This course serves as an introduction to the mathematical tools needed to solve intermediate and upperlevel physics problems. Topics include matrix algebra, vector calculus, Fourier analysis, partial differential equations in rectangular coordinates, and an introduction to series solutions of ordinary differential equations.

3 
PHYS330 
Classical Mechanics
This course is a systematic presentation of Newtonian kinematics and dynamics including equations of motion in one and threedimensions, conservation laws, noninertial reference frames, central forces, Lagrangian mechanics, and rigid body motion. This course will use advanced mathematical techniques including differential equations, vector calculus, and matrix and tensor formulations.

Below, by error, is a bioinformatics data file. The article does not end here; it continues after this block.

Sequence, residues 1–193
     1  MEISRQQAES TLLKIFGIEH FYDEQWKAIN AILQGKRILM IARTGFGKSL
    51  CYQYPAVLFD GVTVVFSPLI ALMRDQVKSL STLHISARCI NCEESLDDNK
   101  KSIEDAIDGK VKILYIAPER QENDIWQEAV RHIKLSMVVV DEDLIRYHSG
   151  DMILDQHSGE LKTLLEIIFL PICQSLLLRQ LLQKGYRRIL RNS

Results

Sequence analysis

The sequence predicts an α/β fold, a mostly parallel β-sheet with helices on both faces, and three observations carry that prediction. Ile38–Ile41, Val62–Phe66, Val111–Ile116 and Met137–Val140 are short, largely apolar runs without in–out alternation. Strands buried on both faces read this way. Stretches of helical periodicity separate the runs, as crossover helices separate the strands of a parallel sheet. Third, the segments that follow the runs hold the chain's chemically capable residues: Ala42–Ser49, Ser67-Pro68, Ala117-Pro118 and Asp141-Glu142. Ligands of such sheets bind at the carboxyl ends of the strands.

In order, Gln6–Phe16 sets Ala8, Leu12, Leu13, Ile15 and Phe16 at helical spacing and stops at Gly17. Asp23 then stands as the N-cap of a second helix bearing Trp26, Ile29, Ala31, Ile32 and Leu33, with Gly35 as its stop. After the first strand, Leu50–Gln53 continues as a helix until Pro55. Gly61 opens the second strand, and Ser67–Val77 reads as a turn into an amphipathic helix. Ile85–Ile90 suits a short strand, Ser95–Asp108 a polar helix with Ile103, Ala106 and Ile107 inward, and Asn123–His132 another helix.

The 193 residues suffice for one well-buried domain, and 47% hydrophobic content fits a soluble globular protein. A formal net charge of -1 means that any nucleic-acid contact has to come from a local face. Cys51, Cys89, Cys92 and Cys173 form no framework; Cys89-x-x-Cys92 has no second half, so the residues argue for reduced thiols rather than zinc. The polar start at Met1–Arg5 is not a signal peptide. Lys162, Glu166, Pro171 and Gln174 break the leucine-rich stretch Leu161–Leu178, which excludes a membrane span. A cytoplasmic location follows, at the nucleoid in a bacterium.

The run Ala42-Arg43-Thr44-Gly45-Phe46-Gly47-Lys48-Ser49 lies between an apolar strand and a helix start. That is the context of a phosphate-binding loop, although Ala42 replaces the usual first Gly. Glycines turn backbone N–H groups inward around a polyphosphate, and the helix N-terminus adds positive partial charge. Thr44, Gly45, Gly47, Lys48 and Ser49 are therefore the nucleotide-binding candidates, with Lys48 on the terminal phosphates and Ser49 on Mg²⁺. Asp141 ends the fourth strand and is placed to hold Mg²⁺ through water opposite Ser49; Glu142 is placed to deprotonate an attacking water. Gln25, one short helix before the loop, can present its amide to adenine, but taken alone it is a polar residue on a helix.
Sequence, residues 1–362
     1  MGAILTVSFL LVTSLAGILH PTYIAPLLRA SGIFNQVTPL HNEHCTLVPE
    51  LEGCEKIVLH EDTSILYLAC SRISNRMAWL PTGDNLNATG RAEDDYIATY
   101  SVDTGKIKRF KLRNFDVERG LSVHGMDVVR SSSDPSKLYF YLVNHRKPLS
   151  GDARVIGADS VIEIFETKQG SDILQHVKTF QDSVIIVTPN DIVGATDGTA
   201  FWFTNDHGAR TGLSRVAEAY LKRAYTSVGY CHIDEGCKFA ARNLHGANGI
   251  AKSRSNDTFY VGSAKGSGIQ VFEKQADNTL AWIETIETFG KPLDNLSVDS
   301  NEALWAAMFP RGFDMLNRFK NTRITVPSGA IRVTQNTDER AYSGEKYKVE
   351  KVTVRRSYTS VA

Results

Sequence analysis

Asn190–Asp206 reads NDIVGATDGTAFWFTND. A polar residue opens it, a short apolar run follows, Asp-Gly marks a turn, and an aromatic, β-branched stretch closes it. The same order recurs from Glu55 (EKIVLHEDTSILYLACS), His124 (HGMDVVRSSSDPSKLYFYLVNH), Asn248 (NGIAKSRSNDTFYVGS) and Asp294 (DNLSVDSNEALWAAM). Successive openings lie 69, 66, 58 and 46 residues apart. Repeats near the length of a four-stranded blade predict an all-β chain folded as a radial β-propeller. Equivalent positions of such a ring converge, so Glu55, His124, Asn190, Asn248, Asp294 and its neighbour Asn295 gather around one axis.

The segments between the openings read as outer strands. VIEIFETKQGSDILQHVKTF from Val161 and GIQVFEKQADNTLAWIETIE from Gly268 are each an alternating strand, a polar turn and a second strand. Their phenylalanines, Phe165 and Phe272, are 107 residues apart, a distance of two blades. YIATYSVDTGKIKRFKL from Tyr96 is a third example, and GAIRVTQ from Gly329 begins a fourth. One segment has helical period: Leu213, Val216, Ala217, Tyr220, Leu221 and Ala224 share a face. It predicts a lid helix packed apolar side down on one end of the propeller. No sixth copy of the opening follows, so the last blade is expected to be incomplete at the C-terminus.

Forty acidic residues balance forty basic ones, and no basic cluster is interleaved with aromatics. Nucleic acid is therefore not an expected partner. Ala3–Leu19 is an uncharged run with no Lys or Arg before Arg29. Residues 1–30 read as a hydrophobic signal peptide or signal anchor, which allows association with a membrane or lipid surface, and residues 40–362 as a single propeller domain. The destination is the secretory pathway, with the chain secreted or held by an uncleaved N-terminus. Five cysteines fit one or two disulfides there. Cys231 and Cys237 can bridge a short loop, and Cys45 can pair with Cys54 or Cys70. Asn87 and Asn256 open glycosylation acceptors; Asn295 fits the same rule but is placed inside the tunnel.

4 
PHYS411 
Electricity and Magnetism
This course is a systematic treatment of electrostatics and magnetostatics, charges, currents, fields and potentials, dielectrics and magnetic materials, Maxwell's equations and electromagnetic waves. Mathematical formalism using differential and integral vector calculus is developed. Field theory is treated in terms of scalar and vector potentials. Special techniques for solution to Laplace's equation as a boundary value problem are covered. Wave solutions of Maxwell's equations, and the behavior of electromagnetic waves at interfaces, are discussed.

4 
PHYS450 
Capstone Preparation
This course is a preparation for the twosemester physics capstone project to be carried out in the following year. It includes selection of a project and faculty mentor, preparation of a feasibility study, preparation of a paper, and a public oral presentation.

1 
Computational Physics Elective 
3  
LAS Immersion 1, 2 
6  
Fourth Year  
PHYS414